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If I were to propose to you that people earning the same amount of income should pay about the same amount of tax, you would probably agree. It’s only fair, right?
Economists call this principle “horizontal fiscal equity”. But that term has fallen by the wayside, perhaps because the Australian taxation system has strayed pretty far from it.
Illustration by Jim PavlidisCredit:
How you earn $100,000 in Australia determines how much of it you get to keep. If your income is from superannuation, it’s tax-free to withdraw after the age of 60 (after being taxed at a concessional rate of 15 per cent). If it’s from capital gains, you can get a 50 per cent tax discount (or a 100 per cent discount if your parents got on with it early enough for you to have bought your assets back in 1985). And if you’re over 67, and a pensioner, you get a senior tax offset.
Most of these don’t apply to someone starting off in their career. Unlike many older generations, most young people haven’t built up wealth by owning assets like housing, or an income stream through owning large amounts of shares. And withdrawing from super isn’t really an option. Young people’s main source of income is wages.
So, not only do they miss out on many tax concessions, they also cop the brunt of what we call “bracket creep”. This is where, as inflation – or the general level of prices – rises, your income gets pushed into higher tax brackets.
Of course, as part of a progressive tax system, it’s fair for higher incomes to be taxed at higher rates. The problem is when the price of everything is also surging, as we’ve seen in the past couple of years, because it means the purchasing power of your income falls. Basically, if you’re earning more, but the things you’re paying for, like rent, food and petrol, get more expensive, you’re not necessarily much better off. Your purchasing power and real wage (what you earn, adjusted to account for inflation) will be a lot lower. And yet, a larger proportion of your income will be getting taxed at higher rates because on paper, you’re earning more.
HECS debt increases in line with inflation so many young graduates have seen a jump in the amount they owe.Credit: Peter Braig
This affects everyone earning a wage, but remember, for young people, it’s often their only major source of income. And while the government has pledged to keep the stage three tax cuts intended to ease bracket creep, it mainly benefits middle to high-income earners, of which young people don’t tend to form a large part.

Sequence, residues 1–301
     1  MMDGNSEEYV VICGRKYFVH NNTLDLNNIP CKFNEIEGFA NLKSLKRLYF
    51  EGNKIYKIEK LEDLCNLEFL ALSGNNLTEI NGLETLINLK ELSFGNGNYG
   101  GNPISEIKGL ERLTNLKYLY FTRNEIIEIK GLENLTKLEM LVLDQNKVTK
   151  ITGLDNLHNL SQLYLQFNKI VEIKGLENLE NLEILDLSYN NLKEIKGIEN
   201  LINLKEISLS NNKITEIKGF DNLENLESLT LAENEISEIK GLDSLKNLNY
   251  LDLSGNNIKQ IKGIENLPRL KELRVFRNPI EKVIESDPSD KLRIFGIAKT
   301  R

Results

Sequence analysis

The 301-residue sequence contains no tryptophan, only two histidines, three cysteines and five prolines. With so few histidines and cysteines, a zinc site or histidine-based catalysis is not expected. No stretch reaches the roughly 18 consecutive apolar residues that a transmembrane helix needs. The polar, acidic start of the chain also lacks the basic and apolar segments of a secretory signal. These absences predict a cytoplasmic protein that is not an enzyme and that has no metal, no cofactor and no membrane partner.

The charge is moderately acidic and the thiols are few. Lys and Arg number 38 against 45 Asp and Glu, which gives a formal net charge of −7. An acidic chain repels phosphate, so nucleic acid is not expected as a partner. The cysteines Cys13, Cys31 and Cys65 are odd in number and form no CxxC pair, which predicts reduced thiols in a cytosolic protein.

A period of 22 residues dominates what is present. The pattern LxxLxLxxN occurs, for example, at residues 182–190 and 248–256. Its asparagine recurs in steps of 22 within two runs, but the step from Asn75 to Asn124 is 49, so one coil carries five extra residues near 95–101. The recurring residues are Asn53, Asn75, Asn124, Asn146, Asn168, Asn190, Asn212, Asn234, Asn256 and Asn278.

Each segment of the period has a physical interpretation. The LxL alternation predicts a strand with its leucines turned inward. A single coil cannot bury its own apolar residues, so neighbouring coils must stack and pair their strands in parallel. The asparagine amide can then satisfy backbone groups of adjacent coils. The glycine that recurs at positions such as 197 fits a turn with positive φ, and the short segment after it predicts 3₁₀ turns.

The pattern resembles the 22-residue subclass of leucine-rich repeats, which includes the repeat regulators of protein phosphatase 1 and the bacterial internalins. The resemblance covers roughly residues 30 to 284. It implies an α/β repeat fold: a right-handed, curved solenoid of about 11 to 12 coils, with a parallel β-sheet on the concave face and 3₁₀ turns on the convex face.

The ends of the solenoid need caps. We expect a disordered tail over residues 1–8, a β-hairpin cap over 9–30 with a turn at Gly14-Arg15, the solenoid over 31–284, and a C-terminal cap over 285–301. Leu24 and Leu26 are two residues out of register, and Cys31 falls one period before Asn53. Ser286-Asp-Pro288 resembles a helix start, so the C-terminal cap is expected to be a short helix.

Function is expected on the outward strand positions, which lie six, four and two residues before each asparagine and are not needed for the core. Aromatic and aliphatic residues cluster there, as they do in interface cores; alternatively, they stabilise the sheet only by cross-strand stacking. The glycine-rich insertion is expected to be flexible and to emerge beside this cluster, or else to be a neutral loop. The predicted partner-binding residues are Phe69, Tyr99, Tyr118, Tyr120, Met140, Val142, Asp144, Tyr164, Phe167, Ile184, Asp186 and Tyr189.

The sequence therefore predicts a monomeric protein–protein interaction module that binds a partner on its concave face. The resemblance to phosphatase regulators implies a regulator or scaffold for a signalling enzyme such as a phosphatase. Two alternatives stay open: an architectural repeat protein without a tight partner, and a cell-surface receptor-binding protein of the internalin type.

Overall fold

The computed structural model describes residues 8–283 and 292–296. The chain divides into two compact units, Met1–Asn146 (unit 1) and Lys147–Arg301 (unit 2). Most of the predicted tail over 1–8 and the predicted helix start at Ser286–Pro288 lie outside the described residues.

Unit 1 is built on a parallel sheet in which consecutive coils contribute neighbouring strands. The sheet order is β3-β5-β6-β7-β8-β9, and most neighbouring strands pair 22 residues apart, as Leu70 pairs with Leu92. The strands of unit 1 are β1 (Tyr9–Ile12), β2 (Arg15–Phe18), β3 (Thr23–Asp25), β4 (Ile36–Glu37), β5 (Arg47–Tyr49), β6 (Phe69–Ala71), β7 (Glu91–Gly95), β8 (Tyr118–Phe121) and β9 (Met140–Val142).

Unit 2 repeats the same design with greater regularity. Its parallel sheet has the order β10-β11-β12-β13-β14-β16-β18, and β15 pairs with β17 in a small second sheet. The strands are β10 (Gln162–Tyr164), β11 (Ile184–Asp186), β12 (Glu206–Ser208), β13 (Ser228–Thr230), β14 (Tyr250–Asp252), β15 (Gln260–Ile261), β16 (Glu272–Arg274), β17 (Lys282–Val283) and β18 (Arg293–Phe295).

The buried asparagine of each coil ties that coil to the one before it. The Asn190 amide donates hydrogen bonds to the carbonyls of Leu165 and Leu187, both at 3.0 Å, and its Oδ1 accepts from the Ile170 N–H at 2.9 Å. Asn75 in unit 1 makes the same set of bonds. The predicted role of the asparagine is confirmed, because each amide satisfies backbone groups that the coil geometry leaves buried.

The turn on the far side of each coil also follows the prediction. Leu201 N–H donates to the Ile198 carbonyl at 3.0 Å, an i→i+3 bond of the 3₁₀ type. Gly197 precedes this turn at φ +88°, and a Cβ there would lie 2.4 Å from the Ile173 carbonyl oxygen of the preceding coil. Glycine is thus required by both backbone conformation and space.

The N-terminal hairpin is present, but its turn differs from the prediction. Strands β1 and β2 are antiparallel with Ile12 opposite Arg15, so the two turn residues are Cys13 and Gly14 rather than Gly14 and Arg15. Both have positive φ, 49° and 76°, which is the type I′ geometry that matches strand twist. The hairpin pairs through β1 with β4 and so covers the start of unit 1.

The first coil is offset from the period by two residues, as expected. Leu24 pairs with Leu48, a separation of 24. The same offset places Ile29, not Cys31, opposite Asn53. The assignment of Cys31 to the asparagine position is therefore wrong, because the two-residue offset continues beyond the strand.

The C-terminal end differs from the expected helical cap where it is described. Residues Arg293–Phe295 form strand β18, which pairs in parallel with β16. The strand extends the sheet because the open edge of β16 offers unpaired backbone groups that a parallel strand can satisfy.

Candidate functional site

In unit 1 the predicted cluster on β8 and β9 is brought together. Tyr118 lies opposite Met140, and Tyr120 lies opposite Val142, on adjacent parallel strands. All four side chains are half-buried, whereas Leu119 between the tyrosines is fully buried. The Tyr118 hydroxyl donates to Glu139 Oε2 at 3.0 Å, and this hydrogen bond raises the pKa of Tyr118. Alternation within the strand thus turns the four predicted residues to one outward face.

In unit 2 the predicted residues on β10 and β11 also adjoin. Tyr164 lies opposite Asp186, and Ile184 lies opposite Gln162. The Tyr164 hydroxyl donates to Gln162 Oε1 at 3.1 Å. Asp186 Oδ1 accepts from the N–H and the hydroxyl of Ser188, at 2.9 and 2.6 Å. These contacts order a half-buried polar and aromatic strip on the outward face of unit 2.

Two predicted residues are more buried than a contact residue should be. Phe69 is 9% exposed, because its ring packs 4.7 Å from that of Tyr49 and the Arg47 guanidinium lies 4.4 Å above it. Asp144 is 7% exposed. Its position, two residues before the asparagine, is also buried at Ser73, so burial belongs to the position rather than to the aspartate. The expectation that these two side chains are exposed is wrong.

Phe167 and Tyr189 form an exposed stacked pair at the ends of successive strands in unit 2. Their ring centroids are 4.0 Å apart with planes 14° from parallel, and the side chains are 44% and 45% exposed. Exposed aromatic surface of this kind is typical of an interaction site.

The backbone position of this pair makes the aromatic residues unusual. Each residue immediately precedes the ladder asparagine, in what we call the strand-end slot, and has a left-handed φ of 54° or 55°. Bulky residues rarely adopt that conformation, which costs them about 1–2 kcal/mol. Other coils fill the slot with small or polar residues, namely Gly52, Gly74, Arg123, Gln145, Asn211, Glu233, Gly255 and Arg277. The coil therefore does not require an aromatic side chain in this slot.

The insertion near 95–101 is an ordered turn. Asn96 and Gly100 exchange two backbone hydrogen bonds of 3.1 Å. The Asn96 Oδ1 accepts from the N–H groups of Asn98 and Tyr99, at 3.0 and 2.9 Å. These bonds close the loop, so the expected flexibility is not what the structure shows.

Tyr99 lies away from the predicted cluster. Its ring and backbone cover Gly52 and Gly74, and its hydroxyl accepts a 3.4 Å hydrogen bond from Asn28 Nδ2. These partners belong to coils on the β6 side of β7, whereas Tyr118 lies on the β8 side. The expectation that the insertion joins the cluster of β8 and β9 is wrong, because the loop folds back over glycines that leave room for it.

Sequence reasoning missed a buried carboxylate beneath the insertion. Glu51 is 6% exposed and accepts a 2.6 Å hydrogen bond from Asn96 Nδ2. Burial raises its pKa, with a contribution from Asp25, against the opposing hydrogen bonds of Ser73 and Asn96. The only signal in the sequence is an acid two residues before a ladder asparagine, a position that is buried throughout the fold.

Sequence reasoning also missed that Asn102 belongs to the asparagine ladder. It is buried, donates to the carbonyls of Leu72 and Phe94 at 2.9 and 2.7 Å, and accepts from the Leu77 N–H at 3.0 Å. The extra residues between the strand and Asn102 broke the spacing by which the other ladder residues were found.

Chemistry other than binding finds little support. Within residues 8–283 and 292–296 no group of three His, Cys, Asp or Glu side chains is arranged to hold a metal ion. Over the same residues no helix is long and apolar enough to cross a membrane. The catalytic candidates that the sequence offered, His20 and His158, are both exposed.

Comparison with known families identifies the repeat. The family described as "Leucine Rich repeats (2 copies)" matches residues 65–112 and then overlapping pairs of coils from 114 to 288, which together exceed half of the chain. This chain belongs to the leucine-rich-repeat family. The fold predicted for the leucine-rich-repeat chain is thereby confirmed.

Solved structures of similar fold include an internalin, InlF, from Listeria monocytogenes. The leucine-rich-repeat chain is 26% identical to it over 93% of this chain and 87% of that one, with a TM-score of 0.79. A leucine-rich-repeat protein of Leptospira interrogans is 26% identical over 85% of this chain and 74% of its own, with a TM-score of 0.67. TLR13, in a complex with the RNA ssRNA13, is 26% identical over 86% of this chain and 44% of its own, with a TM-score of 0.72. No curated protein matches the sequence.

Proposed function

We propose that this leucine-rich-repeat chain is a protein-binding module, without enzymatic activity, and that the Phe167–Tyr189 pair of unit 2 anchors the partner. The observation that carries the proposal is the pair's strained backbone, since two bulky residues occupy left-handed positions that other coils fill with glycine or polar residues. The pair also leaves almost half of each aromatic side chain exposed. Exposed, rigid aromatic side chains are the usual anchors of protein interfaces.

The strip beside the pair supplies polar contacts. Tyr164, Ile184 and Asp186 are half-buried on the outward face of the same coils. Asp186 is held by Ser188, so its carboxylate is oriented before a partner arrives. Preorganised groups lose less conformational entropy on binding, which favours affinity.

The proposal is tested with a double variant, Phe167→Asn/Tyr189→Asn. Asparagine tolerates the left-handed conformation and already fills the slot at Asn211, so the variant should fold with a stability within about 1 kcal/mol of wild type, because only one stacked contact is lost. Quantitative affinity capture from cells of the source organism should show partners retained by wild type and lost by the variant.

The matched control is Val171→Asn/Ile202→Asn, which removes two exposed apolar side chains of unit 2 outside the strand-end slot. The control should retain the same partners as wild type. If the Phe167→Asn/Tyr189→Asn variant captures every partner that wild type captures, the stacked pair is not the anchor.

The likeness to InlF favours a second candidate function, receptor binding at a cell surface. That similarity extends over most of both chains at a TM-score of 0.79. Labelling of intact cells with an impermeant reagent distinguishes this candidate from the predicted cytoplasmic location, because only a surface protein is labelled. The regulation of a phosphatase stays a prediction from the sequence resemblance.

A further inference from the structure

But, that’s not all. If you think young people are getting it rough recently, tax isn’t the only thing being deducted from their pay.
Many will have taken out an interest-free loan to fund their higher education, called HECS/HELP.
The interest-free part is good (though not quite as good as the free education some readers will remember). But it’s another bite taken out of young people’s income at a time when cost of living has jumped. And while HECS/HELP doesn’t affect our credit scores, it does reduce borrowing power.
The good news is that the repayment threshold, the point at which you have to start paying back the debt, and the progressively higher rates you have to pay it back at have been raised roughly in line with inflation. In the 2022-2023 period, you would have started repaying your HECS/HELP loan once you hit an income of $48,361. For the 2023-2024 period, that starting point has been lifted to $51,550.
But as young people would be acutely aware, the HECS/HELP debt itself also increased in line with inflation. And if you’re freshly graduated with a lot of your loan left to pay back, that means a big leap in your HECS/HELP debt (7.1 per cent this year to be exact). If you’re like me, that means you might now have an even higher debt to pay back than you did when you left university.
And if you think bracket creep is bad, you might be surprised by the seemingly arbitrary jumps in compulsory HECS/HELP repayments between income brackets.
Some people may have noticed they’re losing a larger proportion of their overall income to HECS/HELP debt. That’s because instead of a marginal repayment rate – where you only pay the increasingly higher rates on income earned above each threshold – HECS/HELP debt is paid back through an average repayment rate, meaning every time you enter a higher rate threshold, your entire salary gets a bigger cut taken out of it.
At a salary of $59,518, one per cent of your income is taken by the tax office to pay back your student loan. Earn $1 more, and it’s not just that additional $1 that gets the higher rate of 2 per cent bitten out of it, it’s 2 per cent of your entire $59,519 salary. You’d pay about $595 back on your loan on the first salary, then suddenly $1190 on the salary that is $1 higher.
The past couple of years have been tougher for everyone but young people have been copping the brunt of it. The tax and repayment systems we have in place weren’t built with high inflation in mind, and certainly wasn’t built by, or for, those now entering the workforce. You might be wondering why young people aren’t making a bigger deal out of it. If you ask me, they’re busy enough just trying to get by.
Millie Muroi is a Herald business reporter.
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A previous version of this article stated that HECS/HELP debt had gone up 7 per cent this year. It has gone up 7.1 per cent.
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